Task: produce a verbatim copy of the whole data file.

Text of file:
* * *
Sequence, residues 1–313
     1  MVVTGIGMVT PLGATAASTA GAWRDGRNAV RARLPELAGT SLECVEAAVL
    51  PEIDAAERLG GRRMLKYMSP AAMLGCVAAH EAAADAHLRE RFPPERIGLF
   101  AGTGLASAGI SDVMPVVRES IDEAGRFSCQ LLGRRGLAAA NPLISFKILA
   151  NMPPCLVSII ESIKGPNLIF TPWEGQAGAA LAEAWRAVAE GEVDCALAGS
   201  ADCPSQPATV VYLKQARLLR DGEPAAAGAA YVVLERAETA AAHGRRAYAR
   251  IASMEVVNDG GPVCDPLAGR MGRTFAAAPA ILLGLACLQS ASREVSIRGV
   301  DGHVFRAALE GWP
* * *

Sequence, residues 1–313
     1  MVVTGIGMVT PLGATAASTA GAWRDGRNAV RARLPELAGT SLECVEAAVL
    51  PEIDAAERLG GRRMLKYMSP AAMLGCVAAH EAAADAHLRE RFPPERIGLF
   101  AGTGLASAGI SDVMPVVRES IDEAGRFSCQ LLGRRGLAAA NPLISFKILA
   151  NMPPCLVSII ESIKGPNLIF TPWEGQAGAA LAEAWRAVAE GEVDCALAGS
   201  ADCPSQPATV VYLKQARLLR DGEPAAAGAA YVVLERAETA AAHGRRAYAR
   251  IASMEVVNDG GPVCDPLAGR MGRTFAAAPA ILLGLACLQS ASREVSIRGV
   301  DGHVFRAALE GWP